In preparing to shoot the opens, I was actually able to construct a significant portion of the animation first. How was this possible? Well, in order to have the actors interact with these interfaces, I had to design, build, and animate the opens in their entirety. For directing the actors, I needed to know exactly where all of the actions were happening in the frame. By animating the opens first, I could match the actor’s hand positions to an overlay of the open in a studio monitor. Since the budget wasn’t big enough to bring in actors, I just pulled some ACC staff members for a few hours. It worked out great because I was able to show them how the animations would work and demonstrate the effect. I wouldn’t have been able to do that and have them understand it with only storyboards and style frames.
Let me break it down for you:
I picked one show to animate the full open. Since each of the opens was going to have the same look and movement, I just needed one to use as reference. I worked on the animation in After Effects until it was the correct length and everything was timed.
Even though I had the ability to playback the animation with alpha on the DDR in our studio’s Tricaster, that didn’t help because I needed to see a timeline with keyframes so I could anticipate when to give direction to the actors. So I’m sitting at my desk trying to figure out how to solve this problem. Then it dawned on me: I could just take iPhone video of my computer monitor showing the composition and timeline playing back in real-time! Perfect! Problem solved. Genius points for the day.
Having the actors touch air to simulate a surface just never looks right. Giving the actors an actual surface to touch added the realism I needed. I purchased a large sheet of Lexan to hang in the studio. My team drilled a few holes in the glass for mounting. A few c-stands, some clamps, and we were good to go. The hardest part about shoot with a piece of glass is keeping it free of smudges, fingerprints, and dust. We had to spray down and wipe the glass every two or three takes.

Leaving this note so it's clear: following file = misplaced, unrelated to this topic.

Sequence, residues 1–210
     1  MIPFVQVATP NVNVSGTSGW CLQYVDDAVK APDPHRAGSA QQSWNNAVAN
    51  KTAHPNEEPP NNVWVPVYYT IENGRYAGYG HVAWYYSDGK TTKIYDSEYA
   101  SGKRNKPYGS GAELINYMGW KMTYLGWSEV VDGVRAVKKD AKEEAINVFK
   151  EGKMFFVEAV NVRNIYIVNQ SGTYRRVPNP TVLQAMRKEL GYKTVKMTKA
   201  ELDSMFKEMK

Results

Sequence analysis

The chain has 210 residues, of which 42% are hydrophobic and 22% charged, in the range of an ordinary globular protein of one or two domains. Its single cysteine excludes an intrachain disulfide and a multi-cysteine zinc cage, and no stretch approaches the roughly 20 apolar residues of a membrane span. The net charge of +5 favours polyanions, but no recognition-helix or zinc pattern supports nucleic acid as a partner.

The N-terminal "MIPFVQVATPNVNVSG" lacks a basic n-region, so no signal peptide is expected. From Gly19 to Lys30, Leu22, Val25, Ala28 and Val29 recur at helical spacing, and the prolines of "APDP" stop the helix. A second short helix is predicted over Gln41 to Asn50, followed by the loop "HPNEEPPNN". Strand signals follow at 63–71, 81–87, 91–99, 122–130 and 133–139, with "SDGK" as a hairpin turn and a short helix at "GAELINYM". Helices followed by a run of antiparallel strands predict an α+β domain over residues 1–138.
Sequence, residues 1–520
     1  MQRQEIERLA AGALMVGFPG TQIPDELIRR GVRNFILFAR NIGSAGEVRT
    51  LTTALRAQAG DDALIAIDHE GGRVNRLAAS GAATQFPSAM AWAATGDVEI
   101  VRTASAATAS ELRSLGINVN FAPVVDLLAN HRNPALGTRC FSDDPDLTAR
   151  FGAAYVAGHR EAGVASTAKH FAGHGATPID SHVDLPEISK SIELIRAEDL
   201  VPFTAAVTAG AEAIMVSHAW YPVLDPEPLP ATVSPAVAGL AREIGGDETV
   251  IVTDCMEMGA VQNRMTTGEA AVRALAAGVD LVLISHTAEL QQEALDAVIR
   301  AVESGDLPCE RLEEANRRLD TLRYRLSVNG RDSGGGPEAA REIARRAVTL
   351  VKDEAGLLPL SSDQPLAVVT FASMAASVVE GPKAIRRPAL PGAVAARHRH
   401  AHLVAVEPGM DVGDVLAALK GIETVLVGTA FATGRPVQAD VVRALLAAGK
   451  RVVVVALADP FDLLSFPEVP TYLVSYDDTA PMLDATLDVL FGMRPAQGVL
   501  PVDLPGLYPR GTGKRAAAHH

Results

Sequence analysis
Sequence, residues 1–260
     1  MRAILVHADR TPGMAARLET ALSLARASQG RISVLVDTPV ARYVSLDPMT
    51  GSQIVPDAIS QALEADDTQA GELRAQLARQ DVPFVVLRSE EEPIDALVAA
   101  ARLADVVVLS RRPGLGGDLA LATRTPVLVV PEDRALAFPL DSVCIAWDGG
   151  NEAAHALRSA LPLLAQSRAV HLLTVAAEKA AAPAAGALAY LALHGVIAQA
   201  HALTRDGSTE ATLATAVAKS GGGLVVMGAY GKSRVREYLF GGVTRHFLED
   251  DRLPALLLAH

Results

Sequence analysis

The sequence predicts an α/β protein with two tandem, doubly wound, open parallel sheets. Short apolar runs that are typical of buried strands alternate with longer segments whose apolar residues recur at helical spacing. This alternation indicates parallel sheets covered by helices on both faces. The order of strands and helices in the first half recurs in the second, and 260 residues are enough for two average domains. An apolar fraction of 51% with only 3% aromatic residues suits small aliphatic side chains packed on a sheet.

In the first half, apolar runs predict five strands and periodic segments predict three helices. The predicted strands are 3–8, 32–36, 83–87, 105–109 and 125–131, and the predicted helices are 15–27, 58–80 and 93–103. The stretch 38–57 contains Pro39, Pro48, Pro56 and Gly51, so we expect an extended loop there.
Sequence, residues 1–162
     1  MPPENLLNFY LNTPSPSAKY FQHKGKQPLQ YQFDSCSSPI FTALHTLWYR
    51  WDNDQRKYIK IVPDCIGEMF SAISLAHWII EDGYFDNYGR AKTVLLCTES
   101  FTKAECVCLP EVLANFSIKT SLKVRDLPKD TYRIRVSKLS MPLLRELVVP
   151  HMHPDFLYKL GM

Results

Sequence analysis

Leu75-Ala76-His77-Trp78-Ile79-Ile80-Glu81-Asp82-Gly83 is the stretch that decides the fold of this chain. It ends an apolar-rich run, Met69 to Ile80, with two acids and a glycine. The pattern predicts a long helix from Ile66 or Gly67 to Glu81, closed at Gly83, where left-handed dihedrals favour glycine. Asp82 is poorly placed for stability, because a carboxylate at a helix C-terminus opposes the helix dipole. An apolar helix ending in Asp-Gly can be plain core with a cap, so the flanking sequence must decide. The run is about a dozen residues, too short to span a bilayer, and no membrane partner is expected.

It was important to have a shallow depth-of-field so that the glass surface and the actor’s fingers were in focus with their body just slightly soft. I used the Panasonic AF-100 with a 50mm Zeiss prime at f/4. I dropped a white backdrop behind the talent lit the setup with some soft fluorescent light.
The shoot was a success. I did several variations in the actor’s timing for safety. Everything worked out great. Here’s some pics from the set:
Once all the animation was completed for the opens, I moved on to selecting music tracks and working on the sound design. With each open having its own unique visual cue (its color), it was decided that the music for each show would be unique as well. Again, I didn’t want it to have a broadcast/network news feel. I felt strongly that the music should complement the visual style. I looked for tracks that were soft, minimalist, and “airy.” In instrument terms, for me, that meant acoustic guitars and light pianos. ACC’s 615 Music library did the trick. Once the music was selected, it was onto the effects.